A Dress for Nature (Ad)
This dress was gifted to me by Nadinoo but all words, photos & opinions are my own.
I’ve been intrigued by the Japanese concept of forest bathing for some time now. Known as shrinrin-yoku (literally ‘forest’ ‘bath’), forest bathing is a form of mindfulness that encourages more time spent outdoors among nature, specifically among trees, although you can gain similar health benefits from spending time anywhere outdoors. It’s all about allowing your senses to become attuned with nature and drinking up all that fresh air. When Nadia of one of my favourite independent brands, Nadinoo, offered to send me the Shinrin Yoku dress from her Shibuiwear collection, I was over the moon. Not only was this the dress of my dreams - long, flowy and gingham - but it was named after this Japanese philosophy that I was already interested in.
I’ve been an admirer of Nadia’s designs for many years. When I first started blogging, I remember following her blog and coveting her dresses, often worn by my favourite bloggers. I love how her garments have evolved over the years to become a collection that offers simplicity, comfort and versatility. I oft admire Japanese clothing (one of my friends has an amazing denim pinafore that she picked up in Japan that I’m always ogling) and Nadinoo’s current collection effortlessly incorporates Japanese influences. Garments are over-sized, designed to fit for comfort but to fall flatteringly across your body. Fabrics are natural - raw silk, gingham, linen and eucalyptus. There are many pieces that I’m currently pondering adding to my wardrobe (I just can’t decide between her jumpsuits and pinafores!) but the forest-bathing dress is my absolute favourite garment from her collection.
For now, while spring is still fighting the last grasp of winter, I’ve been wearing the dress layered over long-sleeved cotton tops and tights with my favourite chunky lace-up boots. In summer, I see myself effortlessly throwing the dress on with my Saltwater sandals, wearing it to waft around on Mediterranean holidays, throwing a lightweight jacket over it to explore windswept coastlines, and adopting it as my go-to for lazy summer days. I’m trying to create a wardrobe filled with garments that I love and find comfortable and easy to wear, focusing on independent brands and sustainable clothing. You may notice me occasionally accepting gifts or working with brands, but I’m very selective and only work with brands that I genuinely love and admire their focus on sustainability.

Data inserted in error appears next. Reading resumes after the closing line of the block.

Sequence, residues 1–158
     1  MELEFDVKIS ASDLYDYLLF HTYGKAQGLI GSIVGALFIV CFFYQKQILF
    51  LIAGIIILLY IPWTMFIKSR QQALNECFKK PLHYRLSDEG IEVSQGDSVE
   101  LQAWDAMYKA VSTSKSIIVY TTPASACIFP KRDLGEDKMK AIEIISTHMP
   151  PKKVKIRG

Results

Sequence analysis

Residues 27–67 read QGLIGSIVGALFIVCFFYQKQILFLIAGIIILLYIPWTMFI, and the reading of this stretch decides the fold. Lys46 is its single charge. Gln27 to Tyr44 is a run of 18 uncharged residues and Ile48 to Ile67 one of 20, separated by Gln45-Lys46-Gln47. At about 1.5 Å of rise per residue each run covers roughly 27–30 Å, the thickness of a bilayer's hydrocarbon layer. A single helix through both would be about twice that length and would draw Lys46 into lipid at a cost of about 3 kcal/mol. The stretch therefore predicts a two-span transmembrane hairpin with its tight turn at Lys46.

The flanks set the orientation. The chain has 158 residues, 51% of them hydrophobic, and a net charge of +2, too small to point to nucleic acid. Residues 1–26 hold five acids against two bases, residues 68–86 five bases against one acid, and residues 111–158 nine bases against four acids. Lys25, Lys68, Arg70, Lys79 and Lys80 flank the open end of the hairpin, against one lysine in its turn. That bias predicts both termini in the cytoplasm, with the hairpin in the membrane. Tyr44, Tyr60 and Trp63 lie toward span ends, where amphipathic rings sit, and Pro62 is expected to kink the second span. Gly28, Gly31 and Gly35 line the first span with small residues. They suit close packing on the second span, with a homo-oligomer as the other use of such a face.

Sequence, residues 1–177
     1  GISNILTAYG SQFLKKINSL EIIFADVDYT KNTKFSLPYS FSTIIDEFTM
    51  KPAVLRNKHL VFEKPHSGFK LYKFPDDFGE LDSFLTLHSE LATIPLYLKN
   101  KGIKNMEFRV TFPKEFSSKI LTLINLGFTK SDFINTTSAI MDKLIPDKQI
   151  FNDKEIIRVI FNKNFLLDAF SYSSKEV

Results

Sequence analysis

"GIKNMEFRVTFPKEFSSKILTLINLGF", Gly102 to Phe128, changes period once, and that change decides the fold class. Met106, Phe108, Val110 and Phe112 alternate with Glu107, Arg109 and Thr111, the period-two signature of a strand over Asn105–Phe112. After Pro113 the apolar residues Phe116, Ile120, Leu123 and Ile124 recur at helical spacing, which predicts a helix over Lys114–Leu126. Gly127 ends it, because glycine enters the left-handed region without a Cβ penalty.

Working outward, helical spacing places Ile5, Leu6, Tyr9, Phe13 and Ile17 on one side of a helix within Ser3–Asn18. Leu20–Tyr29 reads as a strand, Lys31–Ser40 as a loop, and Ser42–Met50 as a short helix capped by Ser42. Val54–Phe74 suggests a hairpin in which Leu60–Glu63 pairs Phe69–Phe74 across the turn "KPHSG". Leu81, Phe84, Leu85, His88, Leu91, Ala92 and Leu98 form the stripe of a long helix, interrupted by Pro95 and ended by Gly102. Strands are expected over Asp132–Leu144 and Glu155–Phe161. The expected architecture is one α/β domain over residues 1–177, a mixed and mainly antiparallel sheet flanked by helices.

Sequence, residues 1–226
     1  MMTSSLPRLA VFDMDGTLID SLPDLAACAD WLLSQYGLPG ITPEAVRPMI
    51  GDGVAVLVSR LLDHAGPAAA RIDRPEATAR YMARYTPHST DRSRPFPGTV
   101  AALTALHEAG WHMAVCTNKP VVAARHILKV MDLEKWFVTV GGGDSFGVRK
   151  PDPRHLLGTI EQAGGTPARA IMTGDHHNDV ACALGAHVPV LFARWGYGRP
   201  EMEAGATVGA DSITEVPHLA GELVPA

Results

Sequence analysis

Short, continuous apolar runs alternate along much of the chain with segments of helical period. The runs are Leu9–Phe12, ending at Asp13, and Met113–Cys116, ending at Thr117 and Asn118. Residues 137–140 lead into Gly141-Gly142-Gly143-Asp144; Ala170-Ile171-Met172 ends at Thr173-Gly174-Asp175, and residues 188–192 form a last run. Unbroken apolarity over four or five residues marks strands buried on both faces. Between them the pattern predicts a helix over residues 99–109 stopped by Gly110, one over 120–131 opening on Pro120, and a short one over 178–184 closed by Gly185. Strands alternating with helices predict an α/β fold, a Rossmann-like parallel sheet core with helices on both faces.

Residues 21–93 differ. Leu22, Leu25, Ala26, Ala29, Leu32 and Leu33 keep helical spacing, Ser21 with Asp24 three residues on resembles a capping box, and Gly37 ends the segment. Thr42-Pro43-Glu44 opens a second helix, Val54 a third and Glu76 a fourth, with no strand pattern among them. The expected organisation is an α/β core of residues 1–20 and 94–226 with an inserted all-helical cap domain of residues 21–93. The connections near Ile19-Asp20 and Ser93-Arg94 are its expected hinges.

I’d like to talk more about forest bathing, and how this dress is the perfect piece to wear while wandering around forests (or fields or moors). I’ve entitled this blog post ‘A Dress for Nature’, as this is the perfect garment for my new life in the countryside. I can’t be too precious about my clothing when wandering up hills and through woodlands, and need easy-to-wear items like this dress that require little fuss and faff when getting dressed. To be mindful about my clothing choices, and to partake in mindful activities, I like to have a wardrobe full of garments that I can just pull on and go, without having to worry about comfort, fit or what to pair them with.
Forest bathing is a way of calming your mind and reconnecting with nature. It may sound like new-age kookiness, but it’s proven to have benefits to both your physical and mental health. I touched upon this last year, when I talked about why I love to spend time outside and how it can improve your health. Being among nature, breathing in fresh air, and especially being close to trees can do all sorts of wonders, from boosting your immune system, to reducing your blood pressure. It can also help you to think clearly, boost your creativity, reduce stress and make you happier. Alarmingly, most of us don’t spend anywhere near as much time outdoors as we should do, and placing an emphasis on making time for things like forest bathing can really help to encourage you to step outside.
There isn’t a manual for how to forest bathe, and the practice does not involve physically getting into a body of water. All you have to do is find your nearest forest or woodland (or fields, meadows, hills or moors) and wander around, walking slowly and without intention. Leave your phones, cameras and maps at home and just amble along, savouring the sights, sounds and smells of nature. Allow all five senses to experience the forest around you: admire your surroundings and pay attention to the different trees that you pass and the way the light falls through the canopy of leaves, smell the aroma of the wood and the earth, listen to the leaves rustle and your footsteps hitting the ground, taste the freshness of the air that you inhale, and reach out to feel the textures of the tree trunks, branches and leaves. If walking isn’t your thing, or you are unable to walk, sit and meditate or practicing yoga among the trees. Forest bathing is closer to meditation than a form of exercise, and is rooted in mindfulness. It’s not so much what you do but how you do it.